Disaster has a way of not happening,” says Byron Wien. It is perhaps a surprising comment from someone who was born during the Great Depression and then orphaned shortly after World War II.
But as he sits in his office high above Manhattan’s Park Avenue, the 79-year-old dean of Wall Street forecasters is able to take the long view. And right now he is surveying a troubled world for individual investors. U.S. shareholders, already bruised by more than a decade of disappointing returns, a financial crisis and an anemic recovery, have lately received more reasons for doubt.
“You don’t have any heroes,” says Mr. Wien, vice chairman of Blackstone Advisory Partners. “You pick up the paper and you read about Peregrine,” a futures brokerage where the CEO allegedly stole millions of dollars from clients.
Mr. Wien ticks off other scandals, including the effort by bankers—with the knowledge of government officials—to manipulate reported interest rates. “It just seems like the whole system is corrupt. And so that has to have an effect on confidence,” he concludes. “I think this is a real problem and it’s going to linger for a while.”
Of course, recent financial headlines have not been entirely devoted to scandal. They have also noted the passing of Mr. Wien’s longtime colleague Barton Biggs. Over several decades at Morgan Stanley, Biggs must have sometimes seemed like a hero to investors. He called the coming bull market in U.S. equities in 1982, warned people away from Japanese stocks in the late 1980s—and from Internet stocks in the late 1990s.
Mr. Wien, for his part, launched an annual report predicting 10 “surprises” likely to come to pass within the year. After nailing a series of calls in the mid-1990s, he landed on the cover of our sister publication Barron’s. “But I never did it to keep score. I did it to stretch my own thinking and other people’s thinking,” he says.
There were plenty of big blown calls, too. But Biggs and Mr. Wien built a powerful role for market strategists at the big Wall Street houses by offering provocative and entertaining opinions about market trends. Even when their advice wasn’t followed, it was often appreciated by a portfolio manager wrestling with his own investment thesis.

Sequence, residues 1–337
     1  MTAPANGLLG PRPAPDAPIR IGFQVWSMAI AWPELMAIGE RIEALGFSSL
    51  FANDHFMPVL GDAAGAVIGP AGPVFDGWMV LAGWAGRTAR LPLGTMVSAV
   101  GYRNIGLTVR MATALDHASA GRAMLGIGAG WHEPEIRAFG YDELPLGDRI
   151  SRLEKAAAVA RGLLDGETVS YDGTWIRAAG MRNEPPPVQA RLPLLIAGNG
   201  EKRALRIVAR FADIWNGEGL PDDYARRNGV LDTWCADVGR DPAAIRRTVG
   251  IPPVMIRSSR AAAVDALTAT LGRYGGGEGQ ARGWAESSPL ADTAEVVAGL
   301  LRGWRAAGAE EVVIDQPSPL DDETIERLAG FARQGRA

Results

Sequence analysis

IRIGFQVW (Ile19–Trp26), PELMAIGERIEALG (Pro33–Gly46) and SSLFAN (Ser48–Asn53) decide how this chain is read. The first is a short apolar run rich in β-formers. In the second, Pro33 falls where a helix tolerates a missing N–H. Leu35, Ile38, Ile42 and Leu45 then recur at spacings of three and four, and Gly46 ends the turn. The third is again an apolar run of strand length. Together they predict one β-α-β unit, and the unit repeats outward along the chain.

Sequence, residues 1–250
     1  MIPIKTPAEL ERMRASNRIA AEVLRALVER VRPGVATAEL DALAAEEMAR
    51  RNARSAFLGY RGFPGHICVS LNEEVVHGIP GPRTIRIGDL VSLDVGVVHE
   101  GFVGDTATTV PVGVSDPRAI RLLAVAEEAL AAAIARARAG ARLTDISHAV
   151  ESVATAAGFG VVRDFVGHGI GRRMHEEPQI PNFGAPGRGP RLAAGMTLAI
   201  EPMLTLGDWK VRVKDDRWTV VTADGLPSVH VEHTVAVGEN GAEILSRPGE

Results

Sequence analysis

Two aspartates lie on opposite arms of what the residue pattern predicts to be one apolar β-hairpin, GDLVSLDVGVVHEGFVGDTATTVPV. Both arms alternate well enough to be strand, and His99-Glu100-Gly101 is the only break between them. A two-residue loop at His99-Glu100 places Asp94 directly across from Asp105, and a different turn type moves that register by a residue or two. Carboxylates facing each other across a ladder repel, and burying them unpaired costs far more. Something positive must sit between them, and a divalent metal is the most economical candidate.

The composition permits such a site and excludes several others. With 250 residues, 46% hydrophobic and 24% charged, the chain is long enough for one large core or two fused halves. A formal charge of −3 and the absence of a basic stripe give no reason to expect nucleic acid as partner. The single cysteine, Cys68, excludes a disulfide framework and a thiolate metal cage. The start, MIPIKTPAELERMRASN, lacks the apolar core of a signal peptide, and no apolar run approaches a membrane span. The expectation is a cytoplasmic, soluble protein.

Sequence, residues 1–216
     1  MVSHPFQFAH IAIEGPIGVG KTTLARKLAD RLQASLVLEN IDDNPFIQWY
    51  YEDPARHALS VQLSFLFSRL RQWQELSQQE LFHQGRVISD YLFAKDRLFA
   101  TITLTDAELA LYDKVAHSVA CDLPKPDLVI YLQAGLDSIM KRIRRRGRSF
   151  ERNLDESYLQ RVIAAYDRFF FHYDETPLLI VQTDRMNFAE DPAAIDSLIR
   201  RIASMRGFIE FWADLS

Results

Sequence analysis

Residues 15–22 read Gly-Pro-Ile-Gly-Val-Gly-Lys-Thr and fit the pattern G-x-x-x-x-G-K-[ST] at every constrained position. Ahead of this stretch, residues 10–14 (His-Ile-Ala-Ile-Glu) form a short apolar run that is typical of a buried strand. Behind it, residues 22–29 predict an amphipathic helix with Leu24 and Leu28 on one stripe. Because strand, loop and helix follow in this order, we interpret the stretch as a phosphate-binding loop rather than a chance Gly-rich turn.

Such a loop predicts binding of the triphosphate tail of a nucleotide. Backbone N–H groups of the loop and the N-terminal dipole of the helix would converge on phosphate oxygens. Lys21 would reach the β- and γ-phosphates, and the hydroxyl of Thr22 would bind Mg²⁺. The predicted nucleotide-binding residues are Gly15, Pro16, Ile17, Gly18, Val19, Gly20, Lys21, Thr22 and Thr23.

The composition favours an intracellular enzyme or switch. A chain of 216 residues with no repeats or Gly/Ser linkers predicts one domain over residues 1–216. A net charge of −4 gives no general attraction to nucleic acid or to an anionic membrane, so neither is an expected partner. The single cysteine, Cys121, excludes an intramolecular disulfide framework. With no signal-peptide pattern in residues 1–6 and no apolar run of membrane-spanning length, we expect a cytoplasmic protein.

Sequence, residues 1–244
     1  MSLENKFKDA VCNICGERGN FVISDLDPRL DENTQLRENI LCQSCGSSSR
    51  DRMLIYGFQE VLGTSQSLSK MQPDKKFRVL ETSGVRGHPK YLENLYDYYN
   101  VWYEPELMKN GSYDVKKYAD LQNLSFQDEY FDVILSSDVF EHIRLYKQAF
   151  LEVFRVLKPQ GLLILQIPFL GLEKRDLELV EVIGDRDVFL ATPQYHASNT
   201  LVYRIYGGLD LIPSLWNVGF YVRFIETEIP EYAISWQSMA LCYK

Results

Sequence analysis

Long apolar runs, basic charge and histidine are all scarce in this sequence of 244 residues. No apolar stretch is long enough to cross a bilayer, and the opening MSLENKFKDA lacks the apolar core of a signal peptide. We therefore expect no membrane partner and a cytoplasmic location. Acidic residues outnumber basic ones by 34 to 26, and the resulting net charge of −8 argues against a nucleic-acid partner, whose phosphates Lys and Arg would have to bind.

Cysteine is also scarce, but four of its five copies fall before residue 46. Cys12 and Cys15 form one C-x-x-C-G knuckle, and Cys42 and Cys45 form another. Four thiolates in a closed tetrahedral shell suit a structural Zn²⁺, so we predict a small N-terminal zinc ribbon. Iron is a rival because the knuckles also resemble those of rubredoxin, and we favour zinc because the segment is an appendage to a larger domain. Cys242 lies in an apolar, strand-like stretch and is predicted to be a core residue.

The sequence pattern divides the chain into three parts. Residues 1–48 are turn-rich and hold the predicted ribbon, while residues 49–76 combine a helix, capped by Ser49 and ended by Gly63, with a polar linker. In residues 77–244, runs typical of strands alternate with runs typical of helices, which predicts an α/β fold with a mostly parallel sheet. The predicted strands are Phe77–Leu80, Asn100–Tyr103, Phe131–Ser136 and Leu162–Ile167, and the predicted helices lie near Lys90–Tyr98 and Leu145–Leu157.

After the bursting of the dot-com bubble in 2000 and a bear market in stocks, people were less enthralled with market gurus at the giant firms. Also, revelations that some Wall Street research analysts had publicly touted stocks while privately disparaging them resulted in a legal settlement between the major investment banks and former New York Attorney General Eliot Spitzer. Banks subsequently limited spending on in-house research of various kinds, including strategy. The benefits of the settlement have proven elusive, while other issues have come to dominate investor concerns.
Today, Mr. Wien says that stock trading has replaced investing, with the average holding period for stocks going from eight years in 1960 to seven months today. “I think the public feels that professionals have taken over the market and the playing field isn’t level for them,” he says, adding that as a result many investors in recent years have piled into bond funds where they perceive a better deal. “And the only thing that would change that is if the stock market started to perform very well again. Then they would feel that they’re missing something. Right now they don’t feel they’re missing anything.”
Yet Mr. Wien believes that they aremissing something. He says stocks are likely to outperform bonds, and he thinks that a lot of investors will get over their concerns about the financial system once the market is rising again. Part of his optimism lies in the fact that he isn’t sure the system is as rotten as it may seem.
Speaking of recent financial scandals, he says, “I don’t think it was any better 50 or 100 years ago. It’s just we seem to know more about it because of you.” So more media coverage is the reason so many scandals are in the news?
Give Mr. Wien credit for not succumbing to the temptation of an easy answer. Blaming an unmeasurable rise in some sort of greed quotient doesn’t help prevent the next financial crisis or scandal, nor does it necessarily help an investor decide on asset allocation. Since the 2008 crisis, some Wall Street old-timers have loudly yearned for the days when bankers had a selfless devotion to clients, though it’s not clear such days ever existed.
For his part, Mr. Wien has identified several causes of the 2008 crisis, including “the dumbest idea in the economic history of the United States.” That would be the federal policy that “every American should own their own home.”
The related problem was too much debt, to fuel a lifestyle beyond our economic capabilities, he continues. “The American people aren’t satisfied with 2% growth, so we provided leverage for them, just the way we at Blackstone sometimes borrow money on the companies we buy. Well, that happened on a national scale and we grew faster than we probably should have been growing. The same thing happened all around the world. That’s part of the explanation for Europe’s problems.”